Assise of Bread [John Powell, editor], 1608 - woodcuts, p.D1v, detail.

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Date:1608

Description:Bakers at work: Shakespeare's neighbours.

In towns few people baked their own bread on account of the dangers of chimney fires. The baker’s role was one of the most important in any community, especially in towns and cities like Stratford, or London. The size and weight of each loaf was regulated by law to maintain a national consistency. When Shakespeare was still a young man his father was Stratford’s inspector of the bakeries in the town and this was the official handbook for such duties. The poor harvests that led to a scarcity of corn caused high prices and violent demonstrations in the Midland counties of England in 1604. Shakespeare may have had this situation in mind when, in 1607/8, he wrote the first scene of Coriolanus, 1,1, lines 62-90, where a riot is breaking out in Rome caused by a shortage of food for the poorer people.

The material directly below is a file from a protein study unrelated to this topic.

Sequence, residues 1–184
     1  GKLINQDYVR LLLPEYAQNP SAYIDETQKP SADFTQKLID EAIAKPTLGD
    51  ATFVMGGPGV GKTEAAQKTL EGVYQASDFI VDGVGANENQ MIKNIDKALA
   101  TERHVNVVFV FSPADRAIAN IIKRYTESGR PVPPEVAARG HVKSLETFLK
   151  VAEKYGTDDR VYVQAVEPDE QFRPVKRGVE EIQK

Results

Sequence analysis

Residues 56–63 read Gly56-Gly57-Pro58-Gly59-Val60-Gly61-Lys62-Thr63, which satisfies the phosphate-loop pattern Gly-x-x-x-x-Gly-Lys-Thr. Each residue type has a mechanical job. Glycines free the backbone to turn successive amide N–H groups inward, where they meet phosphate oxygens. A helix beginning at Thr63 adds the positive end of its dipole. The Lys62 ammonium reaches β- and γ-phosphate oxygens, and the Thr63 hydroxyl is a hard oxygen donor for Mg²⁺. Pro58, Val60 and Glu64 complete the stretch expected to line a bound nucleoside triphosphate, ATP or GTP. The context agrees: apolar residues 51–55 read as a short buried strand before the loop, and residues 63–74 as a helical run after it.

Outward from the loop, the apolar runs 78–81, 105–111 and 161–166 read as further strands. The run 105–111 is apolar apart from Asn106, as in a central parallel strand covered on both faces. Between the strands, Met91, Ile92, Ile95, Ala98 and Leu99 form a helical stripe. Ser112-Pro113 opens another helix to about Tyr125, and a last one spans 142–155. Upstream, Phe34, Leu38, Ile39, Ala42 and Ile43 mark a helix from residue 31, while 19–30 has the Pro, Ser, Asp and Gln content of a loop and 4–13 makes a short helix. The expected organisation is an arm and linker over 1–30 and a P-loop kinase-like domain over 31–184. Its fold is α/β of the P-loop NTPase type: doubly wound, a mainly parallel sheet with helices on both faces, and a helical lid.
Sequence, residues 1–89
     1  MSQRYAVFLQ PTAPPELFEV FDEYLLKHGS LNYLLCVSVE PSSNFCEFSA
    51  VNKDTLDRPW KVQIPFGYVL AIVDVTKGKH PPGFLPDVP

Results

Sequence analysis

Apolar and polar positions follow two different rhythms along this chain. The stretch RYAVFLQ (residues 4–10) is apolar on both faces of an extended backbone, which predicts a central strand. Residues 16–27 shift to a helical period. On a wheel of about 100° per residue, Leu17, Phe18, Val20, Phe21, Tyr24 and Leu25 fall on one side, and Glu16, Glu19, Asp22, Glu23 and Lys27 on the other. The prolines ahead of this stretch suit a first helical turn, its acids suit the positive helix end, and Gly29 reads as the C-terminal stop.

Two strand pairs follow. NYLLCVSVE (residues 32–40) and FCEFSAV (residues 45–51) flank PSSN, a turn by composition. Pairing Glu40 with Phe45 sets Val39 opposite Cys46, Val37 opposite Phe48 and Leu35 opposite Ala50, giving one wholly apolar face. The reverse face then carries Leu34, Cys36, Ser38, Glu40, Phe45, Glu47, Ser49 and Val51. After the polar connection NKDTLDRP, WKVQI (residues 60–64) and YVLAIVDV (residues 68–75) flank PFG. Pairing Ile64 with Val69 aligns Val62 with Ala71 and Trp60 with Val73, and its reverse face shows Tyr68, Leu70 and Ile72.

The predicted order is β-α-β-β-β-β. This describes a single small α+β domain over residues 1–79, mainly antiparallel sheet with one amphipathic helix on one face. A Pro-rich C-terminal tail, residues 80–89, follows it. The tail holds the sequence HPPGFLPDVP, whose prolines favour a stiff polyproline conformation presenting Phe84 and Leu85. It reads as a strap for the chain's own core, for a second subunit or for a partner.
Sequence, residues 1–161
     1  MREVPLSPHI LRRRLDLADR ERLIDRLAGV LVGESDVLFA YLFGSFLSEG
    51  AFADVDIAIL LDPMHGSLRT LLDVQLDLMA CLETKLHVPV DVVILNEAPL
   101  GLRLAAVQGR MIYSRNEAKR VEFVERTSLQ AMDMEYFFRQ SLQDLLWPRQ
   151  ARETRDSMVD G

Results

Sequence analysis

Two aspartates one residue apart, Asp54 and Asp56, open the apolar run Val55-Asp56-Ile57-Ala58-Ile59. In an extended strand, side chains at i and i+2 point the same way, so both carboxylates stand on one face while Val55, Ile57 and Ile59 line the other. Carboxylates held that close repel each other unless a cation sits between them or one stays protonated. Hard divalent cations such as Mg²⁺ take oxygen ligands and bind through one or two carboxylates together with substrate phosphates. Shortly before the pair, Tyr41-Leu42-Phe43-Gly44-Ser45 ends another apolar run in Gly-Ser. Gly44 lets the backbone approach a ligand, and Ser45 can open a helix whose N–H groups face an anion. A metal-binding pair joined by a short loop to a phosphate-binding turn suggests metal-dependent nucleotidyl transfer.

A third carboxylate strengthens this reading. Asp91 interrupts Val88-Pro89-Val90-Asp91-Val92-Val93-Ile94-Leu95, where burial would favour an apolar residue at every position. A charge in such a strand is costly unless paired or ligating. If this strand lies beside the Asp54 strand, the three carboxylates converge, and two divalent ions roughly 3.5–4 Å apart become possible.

Full title: The Assise of Bread, newly corrected and enlarged together with sondry good and needful ordinances, for Bakers, Brewers, Inholders, Victuallers, Vintners, and Butchers; and also other Assises in weightes and measures, etc. [revised by John Powell], London, printed by John Windet and sold by Edward White, 1608.


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1570s
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1590s
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Donor ref:SR 93.02 [37,832] (32/10552)

Source: The Shakespeare Birthplace Trust - Library

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